In Bonner v. Deyo, a woman filed a personal injury lawsuit against a driver who rear-ended her vehicle at a stop-light and the owner of the allegedly at-fault automobile. In her complaint, the woman sought damages for head, neck, and other injuries she claimed to have suffered in the collision as well as reimbursement for her medical costs. Her husband also asked the court to award him financial compensation for his loss of consortium. Prior to trial, the parties agreed that the injured woman’s medical and vehicle repair bills were both authentic and admissible. Despite this, the defendants denied a number of material allegations included in the hurt woman’s complaint.
A semi-truck driver was unfortunately killed and three other people were hurt in a recent collision between two big rigs on Interstate 75. According to local law enforcement officials, a fire erupted after two tractor-trailers collided head-on in Campbell County near Caryville. A representative for the Tennessee Highway Patrol stated a northbound big rig that was being driven by a 49-year-old Russell Springs man allegedly crossed the median near exit 134 before striking another truck that was headed in the opposite direction. Apparently, the collision resulted in an explosion and chemical fire that forced officers to evacuate the roadway for several hours. Both trucks were reportedly engulfed in flames following the accident.
The afternoon tractor-trailer crash purportedly closed the Interstate in both directions while a hazardous materials crew engaged in what was initially believed to be a radioactive materials clean-up effort. Thankfully, no such materials were discovered by authorities. Sadly, one of the semi-truck drivers died at the scene of the collision. The other driver and two firefighters who responded to the tragic wreck were reportedly transported to the University of Tennessee Medical Center for treatment. At least one patient was taken to the hospital via Lifestar helicopter. According to the Tennessee Highway Patrol, the exact cause of the fatal collision is still under investigation.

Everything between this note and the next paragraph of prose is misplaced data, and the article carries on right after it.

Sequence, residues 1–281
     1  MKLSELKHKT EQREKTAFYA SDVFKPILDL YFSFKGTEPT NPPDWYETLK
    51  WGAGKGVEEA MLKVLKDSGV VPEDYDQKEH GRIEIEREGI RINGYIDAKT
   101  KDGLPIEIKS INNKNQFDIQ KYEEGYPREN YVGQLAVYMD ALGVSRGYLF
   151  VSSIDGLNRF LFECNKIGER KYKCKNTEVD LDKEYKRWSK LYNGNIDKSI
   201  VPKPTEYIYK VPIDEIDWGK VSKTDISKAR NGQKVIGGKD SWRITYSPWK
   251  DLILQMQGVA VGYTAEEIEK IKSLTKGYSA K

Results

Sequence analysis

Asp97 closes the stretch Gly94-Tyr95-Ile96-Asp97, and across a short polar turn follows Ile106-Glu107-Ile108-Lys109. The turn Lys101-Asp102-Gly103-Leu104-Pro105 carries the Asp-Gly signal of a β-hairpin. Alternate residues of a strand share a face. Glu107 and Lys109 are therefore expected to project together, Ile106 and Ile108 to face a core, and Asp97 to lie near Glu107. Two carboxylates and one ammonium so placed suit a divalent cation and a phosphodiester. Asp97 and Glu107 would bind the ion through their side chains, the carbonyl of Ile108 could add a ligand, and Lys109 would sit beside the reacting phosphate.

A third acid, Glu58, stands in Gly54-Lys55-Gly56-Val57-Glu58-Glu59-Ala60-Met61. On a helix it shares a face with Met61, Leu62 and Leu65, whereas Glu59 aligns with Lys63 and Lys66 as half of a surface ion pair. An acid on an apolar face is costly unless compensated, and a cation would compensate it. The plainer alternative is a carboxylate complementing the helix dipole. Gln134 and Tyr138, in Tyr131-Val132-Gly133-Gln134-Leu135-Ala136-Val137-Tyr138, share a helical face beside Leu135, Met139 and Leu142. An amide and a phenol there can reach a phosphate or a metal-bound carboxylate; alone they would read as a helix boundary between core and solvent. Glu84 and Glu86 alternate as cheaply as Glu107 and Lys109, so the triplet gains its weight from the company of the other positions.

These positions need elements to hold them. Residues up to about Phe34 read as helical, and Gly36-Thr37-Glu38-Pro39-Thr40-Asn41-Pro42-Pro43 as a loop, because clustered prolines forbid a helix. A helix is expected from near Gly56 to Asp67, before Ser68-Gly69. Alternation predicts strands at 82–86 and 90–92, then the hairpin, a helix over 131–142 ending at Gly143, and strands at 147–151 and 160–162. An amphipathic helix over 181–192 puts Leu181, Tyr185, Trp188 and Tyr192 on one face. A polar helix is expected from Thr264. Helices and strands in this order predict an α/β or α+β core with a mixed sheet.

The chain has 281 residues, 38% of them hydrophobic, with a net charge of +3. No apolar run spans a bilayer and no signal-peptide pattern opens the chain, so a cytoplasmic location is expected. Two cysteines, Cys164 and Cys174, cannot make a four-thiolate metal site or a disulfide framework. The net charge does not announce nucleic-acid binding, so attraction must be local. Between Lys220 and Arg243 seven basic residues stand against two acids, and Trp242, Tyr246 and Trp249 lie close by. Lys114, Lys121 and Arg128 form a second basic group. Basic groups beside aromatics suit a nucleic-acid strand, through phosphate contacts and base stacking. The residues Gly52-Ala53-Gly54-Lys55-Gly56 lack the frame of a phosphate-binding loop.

Due to the many state and federal trucking laws and regulations, a tractor-trailer wreck can involve a number of unique pieces of evidence that do not exist in other traffic accident cases, such as maintenance logs, on-board computer information, and driver logs. In addition, the victim of a Knoxville traffic accident that was caused by a semi-truck driver may be entitled to recover monetary damages for his or her lost wages and benefits, medical bills, any temporary or permanent disability that resulted from the truck crash, pain and suffering, and more. Certain relatives of someone who was killed due to a tractor-trailer driver’s negligent act may also be eligible to recover for their family member’s wrongful death.
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In Hudson v. State Farm Mutual Automobile Insurance Co., a woman was rear-ended by an unidentified driver in October 2010. Following the car accident, the woman reported the collision to her automobile insurance company. She also made arrangements to have her vehicle inspected for damage. About seven months later, the woman sought payment for medical expenses that were apparently related to the car wreck as part of her uninsured or underinsured motorist coverage.